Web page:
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Posted Apr 05, 2017 07:00 am CDT
An Arkansas programmer who created software that is popular with hackers is facing federal charges of conspiracy, and aiding and abetting computer intrusions.
Taylor Huddleston created a remote administration tool called NanoCore that has been linked to computer hacks in at least 10 countries, the Daily Beast reports. The case raises a novel question, according to the article: When is a programmer criminally responsible for the actions of their users?
Huddleston, a high school dropout, developed the program in hopes that it could lift him out of poverty and get him out of a run-down trailer where he lived on his mother’s property. His hope, he said, was that his $25 program could be used by IT administrators, parents keeping track of their children’s online activity, and others who didn’t have a lot of money to spend on remote-access capability. He eventually bought a $60,000 home with proceeds from NanoCore and an anti-piracy program he created called Net Seal.
Prosecutors pointed out that Huddleston announced and supported NanoCore on HackForums.net. They raided his home in December, arrested him in February, and are seeking forfeiture of his home in Hot Springs, Arkansas.
“It would soon become clear,” the Daily Beast reports, that HackForums “was a terrible place to launch a legitimate remote administration tool. There aren’t a lot of corporate procurement officers on HackForums. Instead, many of Huddleston’s new customers had purely illicit uses for a slick remote-access tool. In short order, Huddleston found himself routinely admonishing people not to use his software for crime.”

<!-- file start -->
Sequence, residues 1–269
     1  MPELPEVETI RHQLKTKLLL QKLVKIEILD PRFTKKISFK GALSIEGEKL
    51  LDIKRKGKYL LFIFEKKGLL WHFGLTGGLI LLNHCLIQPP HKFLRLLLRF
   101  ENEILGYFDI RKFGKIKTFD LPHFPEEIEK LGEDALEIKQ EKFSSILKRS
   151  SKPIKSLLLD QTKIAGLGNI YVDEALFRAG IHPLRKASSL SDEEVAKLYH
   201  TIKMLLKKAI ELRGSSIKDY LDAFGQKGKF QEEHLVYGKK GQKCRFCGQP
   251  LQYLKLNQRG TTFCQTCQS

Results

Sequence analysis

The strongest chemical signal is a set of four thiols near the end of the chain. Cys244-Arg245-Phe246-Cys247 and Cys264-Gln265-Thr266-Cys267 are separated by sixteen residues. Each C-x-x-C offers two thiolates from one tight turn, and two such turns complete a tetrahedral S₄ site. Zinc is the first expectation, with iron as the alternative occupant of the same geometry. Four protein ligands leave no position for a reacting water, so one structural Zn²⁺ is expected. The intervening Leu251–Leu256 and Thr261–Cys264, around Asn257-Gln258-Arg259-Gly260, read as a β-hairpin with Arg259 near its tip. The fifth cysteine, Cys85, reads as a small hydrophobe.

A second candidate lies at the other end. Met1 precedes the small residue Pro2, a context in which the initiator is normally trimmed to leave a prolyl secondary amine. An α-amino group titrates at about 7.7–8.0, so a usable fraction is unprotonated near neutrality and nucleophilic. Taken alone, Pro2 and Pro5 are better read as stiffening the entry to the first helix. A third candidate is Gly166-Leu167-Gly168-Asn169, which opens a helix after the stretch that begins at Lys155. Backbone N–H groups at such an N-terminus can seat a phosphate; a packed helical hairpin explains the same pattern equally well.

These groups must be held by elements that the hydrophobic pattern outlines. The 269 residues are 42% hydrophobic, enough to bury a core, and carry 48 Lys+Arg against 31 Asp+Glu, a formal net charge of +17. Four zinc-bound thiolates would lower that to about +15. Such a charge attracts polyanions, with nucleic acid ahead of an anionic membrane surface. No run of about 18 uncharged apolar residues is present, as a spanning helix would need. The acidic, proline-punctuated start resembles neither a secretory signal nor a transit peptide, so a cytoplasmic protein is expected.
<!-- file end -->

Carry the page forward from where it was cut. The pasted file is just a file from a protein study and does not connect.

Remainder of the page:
Huddleston eventually removed his product’s capability to steal passwords and log keystrokes, and he would log in and disable the software when he discovered a buyer was using it for hacking. Unhappy hackers eventually distributed pirated versions of Huddleston’s software online. He eventually sold the NanoCore business to a HackForum member.
Huddleston sees a double standard. Hackers also have used remote-access software created by large corporations, he said. “NanoCore is abused in the same way that those are,” he told the Daily Beast. “The difference is I … go after these people and build security into the software to catch these people.”
Cornell law professor James Grimmelmann told the Daily Beast that the case could have a chilling effect on software developers whose technology could be adapted by criminals. He said the prosecution of Huddleston comports with a trend in online law enforcement in which prosecutors target defendants who can be identified in place of criminals who can’t be found.
“It’s kind of unusual to target a software developer, but I definitely feel that’s the way the winds are blowing,” Grimmelmann told the Daily Beast.
Hat tip to the Marshall Project.
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